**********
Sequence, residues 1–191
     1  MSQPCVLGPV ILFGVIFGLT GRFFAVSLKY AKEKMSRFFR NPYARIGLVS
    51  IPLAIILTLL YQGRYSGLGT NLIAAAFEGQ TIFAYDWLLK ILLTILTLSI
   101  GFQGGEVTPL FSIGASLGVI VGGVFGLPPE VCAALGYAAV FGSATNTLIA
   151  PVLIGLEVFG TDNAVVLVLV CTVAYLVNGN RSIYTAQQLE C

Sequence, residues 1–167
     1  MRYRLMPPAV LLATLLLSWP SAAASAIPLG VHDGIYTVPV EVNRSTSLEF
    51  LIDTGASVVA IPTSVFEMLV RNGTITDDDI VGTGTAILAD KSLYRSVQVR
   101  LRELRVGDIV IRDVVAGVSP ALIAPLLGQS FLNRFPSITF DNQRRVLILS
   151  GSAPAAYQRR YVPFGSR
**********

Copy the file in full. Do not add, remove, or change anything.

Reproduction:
Sequence, residues 1–191
     1  MSQPCVLGPV ILFGVIFGLT GRFFAVSLKY AKEKMSRFFR NPYARIGLVS
    51  IPLAIILTLL YQGRYSGLGT NLIAAAFEGQ TIFAYDWLLK ILLTILTLSI
   101  GFQGGEVTPL FSIGASLGVI VGGVFGLPPE VCAALGYAAV FGSATNTLIA
   151  PVLIGLEVFG TDNAVVLVLV CTVAYLVNGN RSIYTAQQLE C

Sequence, residues 1–167
     1  MRYRLMPPAV LLATLLLSWP SAAASAIPLG VHDGIYTVPV EVNRSTSLEF
    51  LIDTGASVVA IPTSVFEMLV RNGTITDDDI VGTGTAILAD KSLYRSVQVR
   101  LRELRVGDIV IRDVVAGVSP ALIAPLLGQS FLNRFPSITF DNQRRVLILS
   151  GSAPAAYQRR YVPFGSR